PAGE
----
You’ve heard it before, “Crime doesn’t pay.” Unless you are Al Capone then it paid well. Perhaps that expression best describes bank robbers. I mean, who robs a bank?
SHOPLIFTING FROM HOME DEPOT
Jeffrey Michael Moran entered a Home Depot store in San Jose, placed items valued at $128.00 in his backpack, and left the store without paying. Confronted by store security, he admitted the theft saying he hoped to resell the stolen items. For the pittance he might have netted, it certainly was not the perfect crime.
Moran pled no contest (guilty without admitting it) to second degree burglary, and having served a prior prison term for vehicle theft. He was sentenced to one year in jail, and agreed to the Condition that he “not go on the premises, parking lot adjacent or any store of Home Depot in the State of California.”
After you get caught stealing from Home Depot and enter a no contest plea, what’s the next thing you do (besides sneak into a Home Depot just for the fun of it), you appeal because you have a free lawyer paid by the Golden State.
On appeal, the Sixth Appellate Court of Appeal found that being banned from all Home Depot stores in the State of California was unconstitutionally overbroad, because the Condition should have allowed Moran to go to a Home Depot property “on legitimate business.” What the heck kind of decision is that? The Court of Appeal was saying: you’re banned from Home Depot unless you go there on legitimate business and then you’re not banned. Oh, that makes sense.
The Court of Appeal also concluded that being banned from Home Depot stores violated Moran’s “constitutional right to travel” even though Moran could travel anywhere he wanted in the state. Hmm.
CALIFORNIA SUPREME COURT
People v. Moran made it all the way to the California Supreme Court, which took a different view.
The Supreme Court ruled that “because prohibiting Defendant (Moran) from entering Home Depot stores is reasonably directed at curbing his future criminality by preventing him from returning to the scene of his past transgression and thus helping him avoid any temptation of repeating his socially undesirable behavior” the ban was appropriate. Overly dramatic, but we get the point.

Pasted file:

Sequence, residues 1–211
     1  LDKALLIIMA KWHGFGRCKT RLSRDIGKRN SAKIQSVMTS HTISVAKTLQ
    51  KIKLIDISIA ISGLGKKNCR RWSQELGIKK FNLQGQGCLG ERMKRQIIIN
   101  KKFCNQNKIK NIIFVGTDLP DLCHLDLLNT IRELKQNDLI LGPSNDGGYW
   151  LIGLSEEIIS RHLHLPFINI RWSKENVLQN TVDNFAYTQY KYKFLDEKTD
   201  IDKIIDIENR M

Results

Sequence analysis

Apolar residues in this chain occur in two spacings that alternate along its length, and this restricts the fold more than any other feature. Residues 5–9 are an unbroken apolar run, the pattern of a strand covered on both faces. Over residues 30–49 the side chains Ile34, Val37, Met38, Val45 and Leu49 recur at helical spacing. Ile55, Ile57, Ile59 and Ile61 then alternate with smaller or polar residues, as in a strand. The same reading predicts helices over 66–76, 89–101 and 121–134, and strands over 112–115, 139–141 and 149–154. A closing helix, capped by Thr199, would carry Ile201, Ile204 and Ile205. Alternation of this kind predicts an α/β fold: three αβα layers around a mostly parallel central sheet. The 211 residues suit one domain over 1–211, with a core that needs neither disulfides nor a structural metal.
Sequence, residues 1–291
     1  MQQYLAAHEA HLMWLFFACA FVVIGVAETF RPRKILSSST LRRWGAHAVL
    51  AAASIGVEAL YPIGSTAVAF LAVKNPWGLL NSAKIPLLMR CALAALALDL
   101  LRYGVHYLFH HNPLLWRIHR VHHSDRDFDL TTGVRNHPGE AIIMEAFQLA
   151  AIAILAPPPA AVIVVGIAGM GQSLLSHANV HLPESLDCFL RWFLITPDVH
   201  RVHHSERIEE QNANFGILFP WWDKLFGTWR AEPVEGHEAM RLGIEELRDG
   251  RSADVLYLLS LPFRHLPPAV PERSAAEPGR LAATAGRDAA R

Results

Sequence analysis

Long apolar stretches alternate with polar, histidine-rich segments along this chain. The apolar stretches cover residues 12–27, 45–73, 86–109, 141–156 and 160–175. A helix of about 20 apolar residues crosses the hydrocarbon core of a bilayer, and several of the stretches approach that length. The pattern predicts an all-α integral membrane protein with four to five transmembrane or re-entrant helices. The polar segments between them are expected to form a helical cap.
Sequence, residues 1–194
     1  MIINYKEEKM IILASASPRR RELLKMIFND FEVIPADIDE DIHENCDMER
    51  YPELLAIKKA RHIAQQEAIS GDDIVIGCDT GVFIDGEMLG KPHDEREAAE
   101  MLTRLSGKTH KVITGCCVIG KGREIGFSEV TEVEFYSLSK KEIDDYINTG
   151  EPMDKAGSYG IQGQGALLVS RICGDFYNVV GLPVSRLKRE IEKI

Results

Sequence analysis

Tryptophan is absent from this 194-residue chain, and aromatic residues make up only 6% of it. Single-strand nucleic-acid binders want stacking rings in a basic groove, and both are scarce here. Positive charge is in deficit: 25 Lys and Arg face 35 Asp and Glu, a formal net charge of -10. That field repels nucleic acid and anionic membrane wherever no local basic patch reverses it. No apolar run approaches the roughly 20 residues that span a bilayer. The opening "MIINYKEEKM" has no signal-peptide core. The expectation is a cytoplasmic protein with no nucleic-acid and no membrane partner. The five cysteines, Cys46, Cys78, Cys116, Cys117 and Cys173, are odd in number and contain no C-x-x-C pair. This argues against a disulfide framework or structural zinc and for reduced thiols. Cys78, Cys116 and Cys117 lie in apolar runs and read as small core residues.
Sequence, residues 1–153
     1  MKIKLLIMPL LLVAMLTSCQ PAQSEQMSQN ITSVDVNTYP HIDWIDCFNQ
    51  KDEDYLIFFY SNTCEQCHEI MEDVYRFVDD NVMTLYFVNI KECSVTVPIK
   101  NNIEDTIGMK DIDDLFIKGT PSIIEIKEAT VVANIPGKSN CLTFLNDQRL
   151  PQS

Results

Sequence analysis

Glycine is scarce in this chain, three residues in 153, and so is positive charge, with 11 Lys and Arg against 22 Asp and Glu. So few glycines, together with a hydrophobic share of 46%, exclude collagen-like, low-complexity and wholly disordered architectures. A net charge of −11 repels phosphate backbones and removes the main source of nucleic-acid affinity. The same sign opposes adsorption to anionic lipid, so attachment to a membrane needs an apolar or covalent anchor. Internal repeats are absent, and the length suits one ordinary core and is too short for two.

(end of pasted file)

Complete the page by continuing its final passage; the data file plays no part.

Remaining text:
The Supreme Court was not impressed with Moran’s “unconstitutional” argument regarding the Home Depot stay-away Condition writing, “He remains free to drive on any public freeway, street or road, use public transportation, work (except in Home Depot stores), shop, visit a doctor’s office, attend school, enjoy parks, libraries, museums, restaurants, bars, clubs, and movie theaters. He may – without violating the challenge condition – freely move about his community, the city and the State of California. In short, the restriction on his movement imposed by the probation condition is too de minimis to implicate the constitutional travel rights.”
I couldn’t agree more.
Jim Porter is an attorney with Porter Simon licensed in California and Nevada, with offices in Truckee and Tahoe City, California, and Reno, Nevada. Jim’s practice areas include: real estate, development, construction, business, HOA’s, contracts, personal injury, accidents, mediation and other transactional matters. He may be reached at firstname.lastname@example.org or www.portersimon.com.
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